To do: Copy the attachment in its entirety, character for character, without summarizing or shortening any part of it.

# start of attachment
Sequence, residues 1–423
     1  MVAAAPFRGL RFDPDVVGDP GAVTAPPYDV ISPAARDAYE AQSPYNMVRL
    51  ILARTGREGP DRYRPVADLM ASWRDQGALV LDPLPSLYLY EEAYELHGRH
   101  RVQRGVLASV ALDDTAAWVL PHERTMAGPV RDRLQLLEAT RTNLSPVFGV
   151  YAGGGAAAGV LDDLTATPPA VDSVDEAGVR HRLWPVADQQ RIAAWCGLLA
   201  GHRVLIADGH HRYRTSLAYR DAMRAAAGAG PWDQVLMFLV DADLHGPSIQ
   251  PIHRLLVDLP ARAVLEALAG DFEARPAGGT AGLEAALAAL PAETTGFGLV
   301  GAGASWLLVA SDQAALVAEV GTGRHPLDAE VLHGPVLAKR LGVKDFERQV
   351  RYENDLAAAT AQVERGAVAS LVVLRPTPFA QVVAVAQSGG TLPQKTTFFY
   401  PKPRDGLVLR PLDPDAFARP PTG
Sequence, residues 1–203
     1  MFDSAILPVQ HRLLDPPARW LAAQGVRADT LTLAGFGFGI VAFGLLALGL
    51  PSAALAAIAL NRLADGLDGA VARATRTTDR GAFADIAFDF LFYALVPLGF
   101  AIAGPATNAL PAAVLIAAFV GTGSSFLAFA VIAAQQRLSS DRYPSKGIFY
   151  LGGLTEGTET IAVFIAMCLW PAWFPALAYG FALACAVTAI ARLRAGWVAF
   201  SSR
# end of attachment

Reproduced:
Sequence, residues 1–423
     1  MVAAAPFRGL RFDPDVVGDP GAVTAPPYDV ISPAARDAYE AQSPYNMVRL
    51  ILARTGREGP DRYRPVADLM ASWRDQGALV LDPLPSLYLY EEAYELHGRH
   101  RVQRGVLASV ALDDTAAWVL PHERTMAGPV RDRLQLLEAT RTNLSPVFGV
   151  YAGGGAAAGV LDDLTATPPA VDSVDEAGVR HRLWPVADQQ RIAAWCGLLA
   201  GHRVLIADGH HRYRTSLAYR DAMRAAAGAG PWDQVLMFLV DADLHGPSIQ
   251  PIHRLLVDLP ARAVLEALAG DFEARPAGGT AGLEAALAAL PAETTGFGLV
   301  GAGASWLLVA SDQAALVAEV GTGRHPLDAE VLHGPVLAKR LGVKDFERQV
   351  RYENDLAAAT AQVERGAVAS LVVLRPTPFA QVVAVAQSGG TLPQKTTFFY
   401  PKPRDGLVLR PLDPDAFARP PTG
Sequence, residues 1–203
     1  MFDSAILPVQ HRLLDPPARW LAAQGVRADT LTLAGFGFGI VAFGLLALGL
    51  PSAALAAIAL NRLADGLDGA VARATRTTDR GAFADIAFDF LFYALVPLGF
   101  AIAGPATNAL PAAVLIAAFV GTGSSFLAFA VIAAQQRLSS DRYPSKGIFY
   151  LGGLTEGTET IAVFIAMCLW PAWFPALAYG FALACAVTAI ARLRAGWVAF
   201  SSR